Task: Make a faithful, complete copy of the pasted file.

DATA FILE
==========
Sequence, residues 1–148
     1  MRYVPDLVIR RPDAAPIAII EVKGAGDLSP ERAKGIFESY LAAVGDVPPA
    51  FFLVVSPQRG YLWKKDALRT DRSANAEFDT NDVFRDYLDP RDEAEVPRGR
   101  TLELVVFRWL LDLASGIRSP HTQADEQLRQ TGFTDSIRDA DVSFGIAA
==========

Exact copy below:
Sequence, residues 1–148
     1  MRYVPDLVIR RPDAAPIAII EVKGAGDLSP ERAKGIFESY LAAVGDVPPA
    51  FFLVVSPQRG YLWKKDALRT DRSANAEFDT NDVFRDYLDP RDEAEVPRGR
   101  TLELVVFRWL LDLASGIRSP HTQADEQLRQ TGFTDSIRDA DVSFGIAA